After-Market Service: from “First-call” to “No-call” fix


Once I was chairing a conference where the speaker was explaining the business model for the licensing of the Peanuts cartoon characters - Charlie Brown, Snoopy and the gang - and how all that works when it comes to the balloons for the Macy’s Thanksgiving Day Parade (in case you are wondering, they cost about half a million $ each).  The speaker was running well over his allotted time with the end nowhere in sight when he turned to me and asked, “How am I doing on time?”  Looking out at how he had the audience spellbound in rapt attention, I simply said, “You’re doing fine – keep going”.  There was no way I was going to prematurely interrupt this master class in media business models.

The greatest value I get from attending and chairing the many conferences that pass my way in this role comes from learning new business models such as this one involving Snoopy, typically arising from outside my own industry or segment.  Having spent most of my career in high-tech manufacturing, I’m not as familiar with the business models associated even with heavy industrial manufacturing, let alone in media or health care.  At a recent conference I learned something interesting from a heavy/mining equipment manufacturer:  while their biggest machines have an upfront cost of about $2 million, their customers will typically spend about $6M more during the 10 to 20+ year life of the equipment in parts, maintenance and upgrades.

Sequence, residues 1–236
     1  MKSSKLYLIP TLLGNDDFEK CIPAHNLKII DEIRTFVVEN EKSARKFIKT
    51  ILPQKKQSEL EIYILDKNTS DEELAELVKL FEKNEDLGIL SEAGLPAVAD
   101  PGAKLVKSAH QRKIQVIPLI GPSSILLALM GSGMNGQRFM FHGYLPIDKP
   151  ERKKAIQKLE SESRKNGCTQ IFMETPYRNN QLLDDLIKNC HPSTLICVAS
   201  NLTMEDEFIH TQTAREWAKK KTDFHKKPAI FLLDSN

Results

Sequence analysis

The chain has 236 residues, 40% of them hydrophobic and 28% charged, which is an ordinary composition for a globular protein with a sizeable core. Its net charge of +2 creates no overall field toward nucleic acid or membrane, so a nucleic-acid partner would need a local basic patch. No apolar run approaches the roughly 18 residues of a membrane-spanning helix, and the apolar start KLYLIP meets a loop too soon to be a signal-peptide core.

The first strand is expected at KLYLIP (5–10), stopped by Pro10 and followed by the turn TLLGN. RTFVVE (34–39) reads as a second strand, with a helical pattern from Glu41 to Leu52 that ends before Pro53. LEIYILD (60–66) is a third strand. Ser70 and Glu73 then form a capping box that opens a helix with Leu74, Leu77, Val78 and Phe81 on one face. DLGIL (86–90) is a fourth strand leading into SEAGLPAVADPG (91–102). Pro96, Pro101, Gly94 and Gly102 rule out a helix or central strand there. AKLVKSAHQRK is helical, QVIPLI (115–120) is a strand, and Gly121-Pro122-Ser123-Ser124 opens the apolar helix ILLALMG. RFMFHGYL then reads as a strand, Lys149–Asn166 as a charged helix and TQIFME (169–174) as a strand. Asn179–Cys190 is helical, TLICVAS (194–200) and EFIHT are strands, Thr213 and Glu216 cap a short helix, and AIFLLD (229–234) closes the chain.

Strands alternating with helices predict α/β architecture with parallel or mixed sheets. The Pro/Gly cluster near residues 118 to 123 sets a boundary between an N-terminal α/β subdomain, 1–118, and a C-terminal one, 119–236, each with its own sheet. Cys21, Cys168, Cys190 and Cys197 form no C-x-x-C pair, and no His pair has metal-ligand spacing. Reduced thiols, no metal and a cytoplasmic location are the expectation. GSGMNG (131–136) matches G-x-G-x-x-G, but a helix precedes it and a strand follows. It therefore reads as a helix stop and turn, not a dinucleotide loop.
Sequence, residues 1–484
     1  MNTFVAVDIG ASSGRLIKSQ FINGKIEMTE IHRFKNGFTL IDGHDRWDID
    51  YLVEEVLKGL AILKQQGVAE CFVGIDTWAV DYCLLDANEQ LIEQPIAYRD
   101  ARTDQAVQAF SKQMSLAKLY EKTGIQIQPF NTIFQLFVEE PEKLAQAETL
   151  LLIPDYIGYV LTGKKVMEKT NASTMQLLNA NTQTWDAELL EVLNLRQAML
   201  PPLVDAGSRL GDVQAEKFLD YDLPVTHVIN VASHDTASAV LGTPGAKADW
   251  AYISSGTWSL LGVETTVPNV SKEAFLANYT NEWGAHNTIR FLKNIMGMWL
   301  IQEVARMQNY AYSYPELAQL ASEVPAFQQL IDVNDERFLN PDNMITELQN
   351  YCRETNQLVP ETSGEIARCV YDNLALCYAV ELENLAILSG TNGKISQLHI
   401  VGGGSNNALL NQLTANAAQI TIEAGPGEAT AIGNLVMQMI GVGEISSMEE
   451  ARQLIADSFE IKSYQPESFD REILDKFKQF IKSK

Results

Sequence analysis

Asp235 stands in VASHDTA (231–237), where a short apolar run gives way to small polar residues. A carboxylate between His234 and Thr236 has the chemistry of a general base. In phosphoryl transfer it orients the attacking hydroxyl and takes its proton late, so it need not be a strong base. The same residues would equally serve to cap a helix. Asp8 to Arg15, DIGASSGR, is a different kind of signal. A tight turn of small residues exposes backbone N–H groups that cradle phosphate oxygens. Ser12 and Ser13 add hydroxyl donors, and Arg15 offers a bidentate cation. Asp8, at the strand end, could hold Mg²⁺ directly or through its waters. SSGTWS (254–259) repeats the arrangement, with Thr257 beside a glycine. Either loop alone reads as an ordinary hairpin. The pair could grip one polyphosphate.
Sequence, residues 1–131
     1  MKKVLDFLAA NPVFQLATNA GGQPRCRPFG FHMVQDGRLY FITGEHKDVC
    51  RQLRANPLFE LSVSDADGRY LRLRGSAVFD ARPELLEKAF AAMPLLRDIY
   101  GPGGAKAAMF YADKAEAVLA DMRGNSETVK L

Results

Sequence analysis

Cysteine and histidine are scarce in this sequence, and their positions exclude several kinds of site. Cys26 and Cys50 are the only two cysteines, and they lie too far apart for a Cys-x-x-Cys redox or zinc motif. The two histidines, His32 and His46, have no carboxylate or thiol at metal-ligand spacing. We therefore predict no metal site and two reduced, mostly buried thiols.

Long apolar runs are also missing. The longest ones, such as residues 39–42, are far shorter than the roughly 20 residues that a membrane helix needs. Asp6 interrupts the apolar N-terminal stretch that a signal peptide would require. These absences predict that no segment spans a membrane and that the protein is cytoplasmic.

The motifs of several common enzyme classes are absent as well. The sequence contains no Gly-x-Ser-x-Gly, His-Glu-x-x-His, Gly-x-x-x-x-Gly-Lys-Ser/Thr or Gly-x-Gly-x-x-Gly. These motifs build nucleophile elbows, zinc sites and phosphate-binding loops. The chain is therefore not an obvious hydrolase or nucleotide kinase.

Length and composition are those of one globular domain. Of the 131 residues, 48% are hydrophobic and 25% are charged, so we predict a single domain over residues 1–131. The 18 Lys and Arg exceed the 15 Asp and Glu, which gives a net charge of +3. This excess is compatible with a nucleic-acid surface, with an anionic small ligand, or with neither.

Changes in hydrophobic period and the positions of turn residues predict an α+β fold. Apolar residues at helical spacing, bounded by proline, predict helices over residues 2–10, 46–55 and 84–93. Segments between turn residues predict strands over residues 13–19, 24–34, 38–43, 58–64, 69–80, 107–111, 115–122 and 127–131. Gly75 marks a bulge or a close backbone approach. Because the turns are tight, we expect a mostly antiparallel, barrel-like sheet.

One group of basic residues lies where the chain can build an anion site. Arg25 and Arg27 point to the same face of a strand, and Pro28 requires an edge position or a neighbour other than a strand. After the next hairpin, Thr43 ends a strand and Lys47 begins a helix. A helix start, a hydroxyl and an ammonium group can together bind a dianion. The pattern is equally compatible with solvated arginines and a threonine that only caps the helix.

The “after-market” is their market, which is not unusual.  Many of SAS’ clients report that 20-30% of their revenue and 40% of their profits come after the initial sale, and not just via parts, maintenance and upgrades (B2B) but also from cross-sell and up-sell oportunities in the B2C markets, remembering at the same time that it can be an order of magnitude costlier to gain a new customer than to simply retain and grow a current one.

Before I get to a few of the specific points to keep in mind regarding after-market service, I want to first mention the one key element to a profitable and effective after-market service model:  an integrated data platform for after-market service, what I’ll call a Service Intelligence Platform.  This is where the success starts.